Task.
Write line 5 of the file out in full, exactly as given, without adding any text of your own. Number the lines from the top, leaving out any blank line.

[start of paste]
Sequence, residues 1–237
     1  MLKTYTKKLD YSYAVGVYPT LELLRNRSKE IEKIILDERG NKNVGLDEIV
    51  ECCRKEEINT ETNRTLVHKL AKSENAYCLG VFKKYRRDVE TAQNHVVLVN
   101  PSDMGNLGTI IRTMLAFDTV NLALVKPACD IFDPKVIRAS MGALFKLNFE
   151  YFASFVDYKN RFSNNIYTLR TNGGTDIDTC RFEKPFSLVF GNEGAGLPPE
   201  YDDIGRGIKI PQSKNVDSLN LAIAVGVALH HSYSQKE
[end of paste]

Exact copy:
   151  YFASFVDYKN RFSNNIYTLR TNGGTDIDTC RFEKPFSLVF GNEGAGLPPE